Czech Republic coronavirus updates, October 8: new record with 5,000+ cases, more restrictions coming tomorrow

The Czech Republic continues to set new records in the daily number of new COVID-19 cases reported

Jason Pirodsky

Written by Jason Pirodsky
Published on 08.10.2020 09:01 (updated on 08.10.2020)

There were 5,335 new COVID-19 cases reported in the Czech Republic on Wednesday, according to the latest data from the Czech Health Ministry.

The number is a new record in the daily number of COVID-19 cases, blowing past Tuesday's high of 4,457. A previous high of 3,798 was set last Friday. Over the past two weeks, a new daily record has been set four times.

Yesterday, the Czech Republic overtook Spain as Europe's most-affected country, with about 346 COVID-19 cases per 100,000 inhabitants over the past two weeks according to the European Centre for Disease Prevention and Control.

Despite a rise in numbers across Europe, Spain is the only other country to report more than 300 cases per 100,0000 residents over the past two weeks, while France, the Netherlands, and Belgium are the only other countries to report more than 200.

The total number of cases in the Czech Republic since the beginning of the outbreak has reached 95,360 and will surpass 100,000 by the week. For comparison, the total number of COVID-19 cases in the Czech Republic, population ~10.4 million, has now surpassed the total number in China, population ~1.4 billion.

A total of 19 COVID-19 deaths have already been reported for Wednesday, though this number is likely to rise. The death toll was above 20 on both Monday and Tuesday, with a high of 30 now reported for Sunday.

Currently, there are 43,764 known active COVID-19 cases in the Czech Republic. Of those, 1,563 are hospitalized with 354 in serious condition, numbers that have doubled in the past week alone.

Yesterday, the percentage of COVID-19 patients requiring hospitalization rose above 4% for the first time in three months.

On Tuesday, there were 18,571 tests performed, leading to a record-high ratio of positive results to tests performed of 24%. That number may be surpassed after Wednesday's record; the number of tests performed Wednesday will be updated later today.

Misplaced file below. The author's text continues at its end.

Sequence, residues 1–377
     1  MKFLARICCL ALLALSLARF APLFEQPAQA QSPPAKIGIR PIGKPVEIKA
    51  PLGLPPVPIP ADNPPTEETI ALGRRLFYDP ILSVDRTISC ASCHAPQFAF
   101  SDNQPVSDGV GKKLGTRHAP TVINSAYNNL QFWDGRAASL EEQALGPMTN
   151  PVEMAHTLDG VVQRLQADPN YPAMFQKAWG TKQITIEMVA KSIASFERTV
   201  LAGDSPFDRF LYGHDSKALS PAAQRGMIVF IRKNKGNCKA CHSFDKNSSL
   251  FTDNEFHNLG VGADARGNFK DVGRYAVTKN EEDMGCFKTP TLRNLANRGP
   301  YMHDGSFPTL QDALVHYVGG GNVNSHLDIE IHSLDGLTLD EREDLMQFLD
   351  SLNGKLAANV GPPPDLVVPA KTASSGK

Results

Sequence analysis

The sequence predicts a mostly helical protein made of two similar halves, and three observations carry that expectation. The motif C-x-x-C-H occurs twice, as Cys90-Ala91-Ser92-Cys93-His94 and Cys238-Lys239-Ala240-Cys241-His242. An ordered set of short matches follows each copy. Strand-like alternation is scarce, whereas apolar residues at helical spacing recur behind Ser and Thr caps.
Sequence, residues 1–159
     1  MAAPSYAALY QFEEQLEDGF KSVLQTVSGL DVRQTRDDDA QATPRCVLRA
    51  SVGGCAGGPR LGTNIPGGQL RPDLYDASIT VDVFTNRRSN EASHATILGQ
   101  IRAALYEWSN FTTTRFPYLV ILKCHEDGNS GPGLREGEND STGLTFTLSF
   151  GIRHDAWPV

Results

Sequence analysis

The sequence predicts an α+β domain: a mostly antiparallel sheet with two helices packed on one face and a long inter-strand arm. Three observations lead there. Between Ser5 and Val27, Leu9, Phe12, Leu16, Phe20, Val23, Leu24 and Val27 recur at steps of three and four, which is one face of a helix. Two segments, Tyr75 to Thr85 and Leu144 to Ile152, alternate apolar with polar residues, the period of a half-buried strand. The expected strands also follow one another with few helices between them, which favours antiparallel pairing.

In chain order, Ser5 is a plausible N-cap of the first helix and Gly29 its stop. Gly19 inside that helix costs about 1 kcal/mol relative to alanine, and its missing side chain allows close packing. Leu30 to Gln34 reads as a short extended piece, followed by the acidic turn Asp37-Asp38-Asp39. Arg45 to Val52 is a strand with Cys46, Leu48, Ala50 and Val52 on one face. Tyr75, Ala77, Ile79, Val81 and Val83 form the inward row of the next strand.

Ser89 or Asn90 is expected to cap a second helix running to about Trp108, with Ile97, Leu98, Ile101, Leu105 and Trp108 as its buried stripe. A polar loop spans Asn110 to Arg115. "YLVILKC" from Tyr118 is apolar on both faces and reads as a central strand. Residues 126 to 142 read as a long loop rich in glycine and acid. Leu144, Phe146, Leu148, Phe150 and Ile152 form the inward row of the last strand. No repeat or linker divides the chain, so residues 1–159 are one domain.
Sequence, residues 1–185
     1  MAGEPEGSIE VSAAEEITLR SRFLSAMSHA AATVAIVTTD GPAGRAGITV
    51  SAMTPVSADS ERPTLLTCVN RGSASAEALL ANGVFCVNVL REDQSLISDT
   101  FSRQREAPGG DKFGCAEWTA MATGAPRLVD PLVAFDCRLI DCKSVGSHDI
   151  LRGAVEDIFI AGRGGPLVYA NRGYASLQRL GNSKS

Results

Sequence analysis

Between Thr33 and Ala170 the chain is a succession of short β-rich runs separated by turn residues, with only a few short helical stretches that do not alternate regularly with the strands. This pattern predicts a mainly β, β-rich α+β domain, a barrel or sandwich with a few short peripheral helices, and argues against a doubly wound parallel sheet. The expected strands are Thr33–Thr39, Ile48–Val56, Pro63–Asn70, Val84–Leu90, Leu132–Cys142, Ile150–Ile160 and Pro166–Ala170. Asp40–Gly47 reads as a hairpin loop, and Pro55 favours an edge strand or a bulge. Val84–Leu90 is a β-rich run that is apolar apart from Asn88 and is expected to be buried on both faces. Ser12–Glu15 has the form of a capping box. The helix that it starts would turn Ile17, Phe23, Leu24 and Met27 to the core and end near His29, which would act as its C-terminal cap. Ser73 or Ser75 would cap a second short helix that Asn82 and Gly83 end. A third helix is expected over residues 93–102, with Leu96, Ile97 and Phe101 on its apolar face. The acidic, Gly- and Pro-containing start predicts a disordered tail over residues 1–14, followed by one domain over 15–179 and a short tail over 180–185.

Over the past week, Uherské Hradiště continues to report the highest rate of COIVD-19 cases, at about 413 new COVID-19 cases per 100,000 residents. Náchod and Liberec have reported 357 and 315 new cases per 100,000 residents, respectively, over the past seven days.

In Prague, there have been 277 new COVID-19 cases over the past seven days.

Czech Health Minister Roman Prymula will announce new, tighter anti-coronavirus measures on Friday; Czech Prime Minister Andrej Babiš has stated that they will come into force from Monday, October 12.

What can we expect?

For starters, Prymula has told Mladá fronta Dnes that there will be a complete closure of theaters, cinemas, and concert halls. Cultural and leisure activities are a primary target of the new measures to be announced.

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Upper grades of primary schools could also be affected through much of the country; currently, secondary schools and universities have switched to distance learning in high-risk areas of the Czech Republic.

Prymula also mentioned restrictions on family events and small celebrations, limiting the number of family members who don't live together from socializing.

Additionally, Prymula mentioned that family members who do test positive could stay at a hotel, chosen by the government, to avoid infecting their relatives. The Health Minister also stated that hospitalized patients could be moved into hotels to help make room for additional patients in hospitals.

The measures taken in Prague will need to be tighter than those in the rest of the country, Prymula stated, though he ruled out a complete lockdown of the capital city.

As the number of COVID-19 cases continues to soar, other European countries continue to place restrictions on travel from the Czech Republic. Italy and Romania are the latest countries to add the Czech Republic to their lists of risk areas.